Professor Jefferson Singer edits special issue of Journal of Personality exploring the psychobiographies of change agents
It's one of the bitterest ironies in American history, and, until now, it is a story that has remained untold.
In his new book, "Sick from Freedom: African-American Illness and Suffering During the Civil War and Reconstruction," professor Jim Downs reveals that more than 1 million former slaves became sick or died at the moment of freedom. The book's release coincides with the 150th anniversary of the Emancipation Proclamation, announced in September of 1862 and effective Jan. 1, 1863.
Based on a 10-year study of more than 500,000 records, Downs, an assistant professor of history and American studies, is the first to document a smallpox epidemic among newly-freed slaves that left hundreds of thousands dead.
"The Civil War produced the largest biological crisis of the 19th century," Downs said. "Soldiers were infected with smallpox in a few scattered instances, but emancipation triggered widespread movement among ex-slaves that accelerated the spread of the virus. Just as the slaves were getting their first taste of freedom, they were getting sick and dying by the thousands."
The health crisis prompted the federal government to create the country's first system of national health care. At the height of the epidemic, the Medical Division of the Freedmen's Bureau built and operated 40 hospitals throughout the south.
"These hospitals weren't really built on humanitarian grounds, but were intended to identify and support a 'healthy workforce,'" Downs said. "As a result, they weren't really about providing medical care as much as identifying the able-bodied and weeding out those the federal government considered 'dependent,' including women, children and the elderly."
The former slaves were really the first to advocate for the federal government to provide health care to its citizens, Downs said, and this short-lived hospital system serves as an interesting case study into the federal government's role in health care dating back to the 19th century. Relying on documents kept by the Freedmen's Bureau, as well as correspondence between doctors and the federal government, accounts from northern abolitionist groups and military pension records, Downs explores how the smallpox epidemic was worsened by a lack of proper medical care, malnutrition, extreme poverty and often unimaginable living conditions.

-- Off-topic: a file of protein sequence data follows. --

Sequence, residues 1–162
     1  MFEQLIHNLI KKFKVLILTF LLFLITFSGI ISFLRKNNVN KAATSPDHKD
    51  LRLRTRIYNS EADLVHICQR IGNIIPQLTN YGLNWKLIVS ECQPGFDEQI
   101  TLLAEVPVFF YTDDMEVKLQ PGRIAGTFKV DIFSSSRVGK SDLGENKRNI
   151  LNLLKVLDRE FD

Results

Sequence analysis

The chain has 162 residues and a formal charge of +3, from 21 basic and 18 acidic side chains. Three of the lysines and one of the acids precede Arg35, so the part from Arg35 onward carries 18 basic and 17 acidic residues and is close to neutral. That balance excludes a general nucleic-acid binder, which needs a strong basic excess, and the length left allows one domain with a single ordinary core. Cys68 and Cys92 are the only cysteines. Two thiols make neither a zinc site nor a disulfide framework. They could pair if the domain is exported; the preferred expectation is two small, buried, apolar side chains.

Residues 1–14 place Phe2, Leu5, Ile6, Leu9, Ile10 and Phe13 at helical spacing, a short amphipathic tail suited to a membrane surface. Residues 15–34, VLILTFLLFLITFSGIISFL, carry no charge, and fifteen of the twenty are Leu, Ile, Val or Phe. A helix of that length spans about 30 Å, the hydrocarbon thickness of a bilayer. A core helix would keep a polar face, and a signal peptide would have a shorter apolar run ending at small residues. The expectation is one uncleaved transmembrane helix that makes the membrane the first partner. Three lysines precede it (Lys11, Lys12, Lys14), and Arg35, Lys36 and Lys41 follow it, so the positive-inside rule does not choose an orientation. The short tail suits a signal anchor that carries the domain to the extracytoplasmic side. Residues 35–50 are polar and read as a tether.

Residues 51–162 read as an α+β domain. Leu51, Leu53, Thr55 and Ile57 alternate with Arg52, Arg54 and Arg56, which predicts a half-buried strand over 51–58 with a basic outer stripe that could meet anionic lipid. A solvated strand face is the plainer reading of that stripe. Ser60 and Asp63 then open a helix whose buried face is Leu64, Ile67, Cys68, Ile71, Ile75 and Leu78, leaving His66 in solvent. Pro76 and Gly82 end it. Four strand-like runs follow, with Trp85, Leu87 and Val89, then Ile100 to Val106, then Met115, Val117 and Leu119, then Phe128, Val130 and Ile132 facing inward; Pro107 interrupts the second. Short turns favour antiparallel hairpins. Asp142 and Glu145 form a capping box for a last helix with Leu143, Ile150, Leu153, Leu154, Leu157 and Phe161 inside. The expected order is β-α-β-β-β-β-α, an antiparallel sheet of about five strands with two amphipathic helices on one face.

While he estimates the death toll to be in the hundreds of thousands, Downs says shoddy record-keeping in black hospitals - and the lack of any access to health care for many freed slaves - makes it difficult to pinpoint a number. It also helps explain why such an important piece of American history is absent from the history books.
"No one talked about black bodies," Downs said.
Some of the richest medical accounts are the military's pension records for black soldiers who served during the war. With support from Connecticut College's President's Fund for Faculty Student Engagement, Downs took then-student Kevin Hartnett '10 to Washington, D.C., to mine those records for insights into the epidemics. Most other records, though, are incomplete at best, Downs said.
"If you were lucky, you'd have a doctor who would check off 'small pox' or another known disease," he said.
Also in the book, Downs argues that the federal government used the reconstruction of the south as a model for dealing with the American Indians in the West. It's a surprising new assertion that caught the attention of Steven Hahn, a professor of American history at the University of Pennsylvania and the 2004 winner of the Pulitzer Prize for History. In his review, Hahn writes that "Sick from Freedom" is "a fresh and ambitious account of the Civil War era that not only interrogates the transition from slavery to freedom in new and unsettling ways, but also invites us to rethink the geographical dimensions of Reconstruction."
Downs hopes "Sick from Freedom" will give general readers, scholars and Civil War buffs a better understanding of the impact of the war on the very population at the center of the dispute. "The extent to which so many families were separated, devastated - that is the story of emancipation," Downs said. "This was a war, and thousands of freed slaves died at the moment of freedom."
Downs will give a book talk at the Barnes and Noble on 82nd and Broadway in New York City on May 31 at 7 p.m. He'll be joined at the event by historian and Pulitzer Prize-winner Annette Gordon-Reed, author of "Thomas Jefferson and Sally Hemings: An American Controversy."